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Clinical features and diagnosis of Fabry disease

Michael Mauer, MD
Jeffrey B Kopp, MD
Section Editor
Gary C Curhan, MD, ScD
Deputy Editor
Albert Q Lam, MD


Fabry disease, also called Anderson-Fabry disease, is the second most prevalent lysosomal storage disorder after Gaucher disease. It is an X-linked inborn error of the glycosphingolipid metabolic pathway. This results in accumulation of globotriaosylceramide (Gb3) within lysosomes in a wide variety of cells, thereby leading to the protean manifestations of the disease [1].

This topic provides an overview of Fabry disease, with an emphasis on kidney disease. The cardiac and neurologic manifestations, and the treatment of Fabry disease, are discussed elsewhere. (See "Clinical features, diagnosis, and management of patients with Fabry disease with cardiac disease" and "Neurologic manifestations of Fabry disease" and "Treatment of Fabry disease".)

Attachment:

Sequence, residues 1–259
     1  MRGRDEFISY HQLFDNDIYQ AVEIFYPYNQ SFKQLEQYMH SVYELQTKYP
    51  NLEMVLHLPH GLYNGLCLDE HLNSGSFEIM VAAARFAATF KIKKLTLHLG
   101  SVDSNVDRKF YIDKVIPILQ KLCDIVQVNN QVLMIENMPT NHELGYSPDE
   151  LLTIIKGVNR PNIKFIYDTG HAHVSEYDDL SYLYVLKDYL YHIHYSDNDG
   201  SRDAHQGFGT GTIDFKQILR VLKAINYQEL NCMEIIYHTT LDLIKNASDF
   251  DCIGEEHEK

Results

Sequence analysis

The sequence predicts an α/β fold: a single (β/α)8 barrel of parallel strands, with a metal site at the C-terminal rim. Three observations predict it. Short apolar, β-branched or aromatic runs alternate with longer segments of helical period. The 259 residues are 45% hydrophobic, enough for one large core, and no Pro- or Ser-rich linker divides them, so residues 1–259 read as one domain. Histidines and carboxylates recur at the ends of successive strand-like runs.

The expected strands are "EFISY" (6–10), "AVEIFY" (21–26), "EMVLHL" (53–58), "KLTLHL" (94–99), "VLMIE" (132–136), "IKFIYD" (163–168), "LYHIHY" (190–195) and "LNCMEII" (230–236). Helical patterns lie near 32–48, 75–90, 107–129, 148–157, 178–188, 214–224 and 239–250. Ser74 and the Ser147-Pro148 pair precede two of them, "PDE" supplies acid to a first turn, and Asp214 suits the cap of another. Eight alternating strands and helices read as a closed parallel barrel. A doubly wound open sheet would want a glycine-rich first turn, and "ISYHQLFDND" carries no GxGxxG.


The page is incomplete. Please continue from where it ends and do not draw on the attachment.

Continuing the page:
The prevalence of Fabry disease is estimated to range from 1:17,000 to 1:117,000 males in Caucasian populations [2-4]. However, the disease is seen across all ethnic and racial groups [4].

The prevalence of Fabry disease is probably underestimated given incomplete ascertainment. This is likely since [4,5]:

The manifestations of the disease are nonspecific.


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Literature review current through: Sep 2016. | This topic last updated: Oct 21, 2014.
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